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Nuclear Brief February 16, 2006

China's Nuclear Missile Submarine Base

The base for China's single Xia-class ballistic missile submarine is located at Jianggezhuang approximately 15 miles (24 km) east of Qingdao on the Yellow Sea (see map). The base spans an entire bay 1.2 miles (1.9 km) across, and includes six piers, a dry dock, numerous service facilities, and an underground submarine tunnel. The main facilities appear to be located in the eastern part of the bay. Apart from the Xia, the base is also used by Han-Class nuclear attack submarines.

Nuclear Submarine Base at Jianggezhuang

The base for China's single Xia-Class ballistic missile submarine is at Jianggezhuang near Qingdao. In this satellite image taken by the Quickbird satellite on April 19, 2004, the Xia SSBN and a Han-Class attack submarine are moored near the entrance to an underground submarine facility that presumably stores the Julang-1 ballistic missiles and nuclear warheads for the Xia.
                                  Source: DigitalGlobe/"China's Nuclear Forces," Imaging Notes, Winter 2006, p. 25.

The most intriguing feature of the base is the underground submarine facility located in the southeastern end of the bay. The facility consists of a large submarine entrance from the harbor, a pier side entrance to the south, and a land entrance to the east (see image). The submarine entrance is approximately 43 feet (13 meters) wide and appears to be arched by a large concrete structure. Both of the land-entrances are approximate 33 feet (10 meters) wide and appear to have what may be a railway system connected to the interior of the facility.

The size of the underground submarine facility at the Jianggezhuang Submarine Base is not known, but the entrances give some idea of the possible outline. In addition to a large submarine pool, the facility probably houses storage facilities for ballistic missiles and nuclear warheads for the Xia-class submarine.
                                                                                                           Source: DigitalGlobe/ImagingNotes.com

The size and layout of the underground facility are unknown, but the entrances give some idea of what could be hiding under the rocks. The submarine entrance likely extends at least a full Xia-class submarine length plus a little extra into the rock, and the angle of the two entrances provide a hypothetical outline of the facility (see image above). In addition to the submarine pool itself, the facility might house storage facilities for the Julang-1 sea-launched ballistic missiles, storage facilities for the nuclear warheads, and various personnel facilities. Moreover, rail tracks appear to connect to outside buildings.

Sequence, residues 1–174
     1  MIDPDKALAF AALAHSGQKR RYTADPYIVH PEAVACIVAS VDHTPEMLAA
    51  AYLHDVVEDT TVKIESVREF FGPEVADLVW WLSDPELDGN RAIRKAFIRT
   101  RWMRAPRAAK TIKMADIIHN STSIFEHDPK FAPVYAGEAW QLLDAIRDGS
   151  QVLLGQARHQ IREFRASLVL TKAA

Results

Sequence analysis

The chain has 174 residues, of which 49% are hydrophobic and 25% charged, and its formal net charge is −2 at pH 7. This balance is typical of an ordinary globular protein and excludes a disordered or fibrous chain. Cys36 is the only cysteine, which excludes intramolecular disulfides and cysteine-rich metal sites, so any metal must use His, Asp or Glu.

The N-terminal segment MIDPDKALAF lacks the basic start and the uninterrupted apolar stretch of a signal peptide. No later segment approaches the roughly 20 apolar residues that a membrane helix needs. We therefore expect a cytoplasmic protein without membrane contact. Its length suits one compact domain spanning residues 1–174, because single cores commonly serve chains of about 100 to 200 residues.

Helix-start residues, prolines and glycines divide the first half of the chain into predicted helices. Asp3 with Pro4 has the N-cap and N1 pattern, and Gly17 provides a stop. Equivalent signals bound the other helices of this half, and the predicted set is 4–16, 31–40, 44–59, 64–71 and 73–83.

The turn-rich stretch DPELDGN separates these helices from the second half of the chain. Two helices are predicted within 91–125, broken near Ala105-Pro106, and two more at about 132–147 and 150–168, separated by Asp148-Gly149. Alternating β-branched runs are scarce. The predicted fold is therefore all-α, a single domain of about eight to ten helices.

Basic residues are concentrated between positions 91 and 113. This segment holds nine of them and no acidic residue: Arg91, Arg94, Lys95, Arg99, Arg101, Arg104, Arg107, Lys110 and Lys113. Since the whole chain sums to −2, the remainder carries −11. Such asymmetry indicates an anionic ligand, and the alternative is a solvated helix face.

Pier Side SLBM Loading

A Julang-1 SLBM is loaded into one of the Xia's 12 launch tubes.

Although the underground facility is a possible storage and service site for the Xia's nuclear Julang-1 medium-range ballistic missiles, the submarine apparently can also onload the missiles at pier side. Several images available on the Internet show the loading of Julang-1 missiles into the Xia using a large crain (see right image).

The Xia submarine is equipped with 12 vertical launch tubes for the Julang-1 medium-range ballistic missile. The 150 feet (47 meters) elevated hull behind the sail that houses the missiles is clearly visible in the satellite image, which also shows a 90 feet (30 meters) boat moored alongside the Xia (see left image). The 12 hatches appear to span 80 feet (25 meters) of the elevated hull.

Xia SSBN At Jianggezhuang

The nuclear-powered ballistic missile submarine Xia photographed at pier side on April 19, 2004.
           Source: DigitalGlobe/"China's Nuclear